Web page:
The journey of a startup founder from product stage to full-fledged company CEO with investors and a global market is full of ups and downs, as described in the book, “Startup CEO.” Much media attention focuses on the glamour and thrills of successful startups, but the truth is that there is also a lot of painstaking management work and even heartbreak at the back-end.
Author Matt Blumberg (@MattBlumberg) is the co-founder, CEO and chairman of email solutions provider Return Path, founder in 1999. The company now has more than 325 employees in offices across the US, Canada, UK, Germany, Australia and Brazil. Matt is an active blogger, and was previously at MovieFone (acquired by AOL), General Atlantic Partners, and Mercer Management Consulting. He holds a B.A. from Princeton University.
The writing style of the book comes across as a mix of management 101 and startup diary, which will be especially useful for those startup founders who have a largely tech background. The Web companion has a wide range of free resources: videos, forms and spreadsheets. This is the third book in the Startup Revolution series.
Matt draws on other excellent books as references, such as Four Steps to the Epiphany (Steven Blank), and Running Lean (Ash Maurya’s Lean Canvas Business Plan).
The “Startup CEO” book is divided into five parts, and the material is packed with inputs from Matt’s colleagues, investors, directors and other entrepreneurs. I have summarised some of the key themes in Table 1.
Table 1: Tasks and steps for a startup CEO
Market and internal storytelling, investor pitches, story revision
Test the story (lean business plan), craft vision/mission statements, pivots
Build a great team, craft the culture, create feedback channels, draw career plans, nurture a climate of appreciation
Hire diverse team players, build an environment of trust, refine on-boarding processes, adjust compensations and promotions
Create a ‘company operating system,’ balance growth and profits, understand VC and M&A games, collect lots of data, drive alignment, go global
Draw up financial plans & operational goals, be flexible in forecasting and budgeting, have a range of effective meeting types, learn from lessons and failures (knowledge management)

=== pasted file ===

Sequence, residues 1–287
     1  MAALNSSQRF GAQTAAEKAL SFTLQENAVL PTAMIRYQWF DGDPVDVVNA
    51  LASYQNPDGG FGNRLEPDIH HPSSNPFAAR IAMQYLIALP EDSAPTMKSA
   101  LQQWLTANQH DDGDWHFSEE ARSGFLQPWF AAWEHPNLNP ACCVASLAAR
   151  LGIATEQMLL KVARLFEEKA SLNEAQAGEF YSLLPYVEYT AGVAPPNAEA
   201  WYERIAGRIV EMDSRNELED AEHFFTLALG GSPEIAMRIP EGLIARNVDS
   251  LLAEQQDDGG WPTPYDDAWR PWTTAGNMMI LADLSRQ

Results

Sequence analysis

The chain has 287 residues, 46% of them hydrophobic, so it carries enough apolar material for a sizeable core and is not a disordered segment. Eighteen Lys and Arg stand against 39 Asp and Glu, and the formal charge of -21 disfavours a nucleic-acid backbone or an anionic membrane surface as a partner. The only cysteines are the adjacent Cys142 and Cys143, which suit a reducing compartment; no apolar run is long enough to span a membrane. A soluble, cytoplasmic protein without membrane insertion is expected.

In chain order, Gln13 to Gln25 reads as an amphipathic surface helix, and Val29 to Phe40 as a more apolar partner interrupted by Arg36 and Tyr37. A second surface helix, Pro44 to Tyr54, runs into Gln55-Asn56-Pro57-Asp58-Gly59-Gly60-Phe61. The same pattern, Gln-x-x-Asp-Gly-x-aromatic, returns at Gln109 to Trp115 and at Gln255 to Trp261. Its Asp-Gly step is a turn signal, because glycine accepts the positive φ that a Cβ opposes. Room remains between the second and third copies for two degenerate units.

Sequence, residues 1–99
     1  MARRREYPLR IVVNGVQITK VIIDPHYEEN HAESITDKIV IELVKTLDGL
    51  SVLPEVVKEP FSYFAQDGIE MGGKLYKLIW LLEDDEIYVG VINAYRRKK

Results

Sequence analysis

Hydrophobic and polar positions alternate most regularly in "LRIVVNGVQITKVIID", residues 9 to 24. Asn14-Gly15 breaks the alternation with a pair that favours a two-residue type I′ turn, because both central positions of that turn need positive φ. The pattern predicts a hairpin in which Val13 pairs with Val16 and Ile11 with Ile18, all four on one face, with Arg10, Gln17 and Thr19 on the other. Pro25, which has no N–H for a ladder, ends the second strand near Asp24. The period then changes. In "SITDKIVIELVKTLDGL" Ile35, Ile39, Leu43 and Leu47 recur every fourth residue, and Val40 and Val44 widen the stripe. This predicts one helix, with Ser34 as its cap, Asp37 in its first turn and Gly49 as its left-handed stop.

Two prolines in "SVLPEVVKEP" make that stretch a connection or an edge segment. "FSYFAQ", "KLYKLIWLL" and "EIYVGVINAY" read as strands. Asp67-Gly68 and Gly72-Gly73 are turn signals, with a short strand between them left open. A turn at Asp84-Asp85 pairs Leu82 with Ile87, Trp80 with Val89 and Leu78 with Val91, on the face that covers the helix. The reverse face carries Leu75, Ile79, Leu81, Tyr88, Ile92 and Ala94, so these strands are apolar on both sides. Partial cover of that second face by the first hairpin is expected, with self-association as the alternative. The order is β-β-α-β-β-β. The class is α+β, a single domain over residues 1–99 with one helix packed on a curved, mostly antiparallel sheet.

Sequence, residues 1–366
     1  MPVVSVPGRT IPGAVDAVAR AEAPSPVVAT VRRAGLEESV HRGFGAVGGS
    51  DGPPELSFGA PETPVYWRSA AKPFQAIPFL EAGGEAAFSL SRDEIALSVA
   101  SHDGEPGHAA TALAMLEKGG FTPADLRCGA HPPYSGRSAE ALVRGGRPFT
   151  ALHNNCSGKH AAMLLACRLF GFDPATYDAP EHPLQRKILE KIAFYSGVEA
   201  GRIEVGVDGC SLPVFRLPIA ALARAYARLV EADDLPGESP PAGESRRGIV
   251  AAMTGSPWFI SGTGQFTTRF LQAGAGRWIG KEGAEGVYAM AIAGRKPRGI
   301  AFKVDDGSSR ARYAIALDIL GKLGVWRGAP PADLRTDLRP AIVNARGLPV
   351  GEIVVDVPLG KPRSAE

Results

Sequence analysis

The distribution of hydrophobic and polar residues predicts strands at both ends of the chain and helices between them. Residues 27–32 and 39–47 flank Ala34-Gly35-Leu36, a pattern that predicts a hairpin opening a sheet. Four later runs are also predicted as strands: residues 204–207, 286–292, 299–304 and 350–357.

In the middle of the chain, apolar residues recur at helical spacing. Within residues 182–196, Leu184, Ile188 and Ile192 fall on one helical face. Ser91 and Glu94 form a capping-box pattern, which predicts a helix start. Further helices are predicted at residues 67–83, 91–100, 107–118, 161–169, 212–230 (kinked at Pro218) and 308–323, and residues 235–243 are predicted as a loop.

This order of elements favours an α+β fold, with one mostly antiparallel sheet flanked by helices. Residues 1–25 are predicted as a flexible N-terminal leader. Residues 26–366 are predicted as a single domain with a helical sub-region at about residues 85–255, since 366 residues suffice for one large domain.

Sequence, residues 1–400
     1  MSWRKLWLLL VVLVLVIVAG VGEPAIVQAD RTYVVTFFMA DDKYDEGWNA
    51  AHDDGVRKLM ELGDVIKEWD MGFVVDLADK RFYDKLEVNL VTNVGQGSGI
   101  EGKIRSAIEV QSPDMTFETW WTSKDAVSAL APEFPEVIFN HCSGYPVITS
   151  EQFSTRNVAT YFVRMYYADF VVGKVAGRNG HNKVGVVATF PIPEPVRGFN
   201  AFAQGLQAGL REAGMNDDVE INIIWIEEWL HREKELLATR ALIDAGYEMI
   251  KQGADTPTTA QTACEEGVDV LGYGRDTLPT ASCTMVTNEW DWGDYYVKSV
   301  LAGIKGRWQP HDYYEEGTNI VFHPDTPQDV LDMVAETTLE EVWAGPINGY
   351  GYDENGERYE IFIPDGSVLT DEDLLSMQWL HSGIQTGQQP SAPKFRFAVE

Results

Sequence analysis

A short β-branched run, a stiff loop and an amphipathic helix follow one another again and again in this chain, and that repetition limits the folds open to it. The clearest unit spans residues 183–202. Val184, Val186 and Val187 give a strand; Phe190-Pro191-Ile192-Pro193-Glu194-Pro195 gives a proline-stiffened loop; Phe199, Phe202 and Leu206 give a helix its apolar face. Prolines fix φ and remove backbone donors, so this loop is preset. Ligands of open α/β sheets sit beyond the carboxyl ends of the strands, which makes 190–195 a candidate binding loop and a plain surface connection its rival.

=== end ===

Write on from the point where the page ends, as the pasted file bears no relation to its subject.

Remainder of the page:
Build a board of directors (and advisory boards/teams), serve on other boards
Include company + investor + independent directors, bring in complementary skillsets, run effective meetings
Create ‘personal’ and ‘home/family’ operating systems, get a coach & mentor, join peer groups, learn through books and classes
Time management, scheduling meetings and travel, hire an executive assistant, stay mentally fresh, allot ‘me-time,’ involve family in work and vice-versa
Stories paint a picture of what the future could be; they engage the audience and inspire them to act. They gave meaning to broader trends and data analytics. Stories can connect to and build on other earlier stories, explains Matt.
In business terms, stories should factor in customer pain points, market opportunities, economics and strategic fit for the startup. Metaphors and ‘analog analogues’ help buttress the story for digital products. Variations of the market story need to be pitched to investors and employees.
Bottom-up and mixed approaches to employee participation should be used to craft the vision-mission-values-goals statements. Over the years, the story should be revised to accommodate the needs of diversification, consolidation, re-focus, and pivots. Turning points can include change in the size of the company (upto 25 employees; 25-100; more than 100) or number of locations (more than one national office; more than one global office).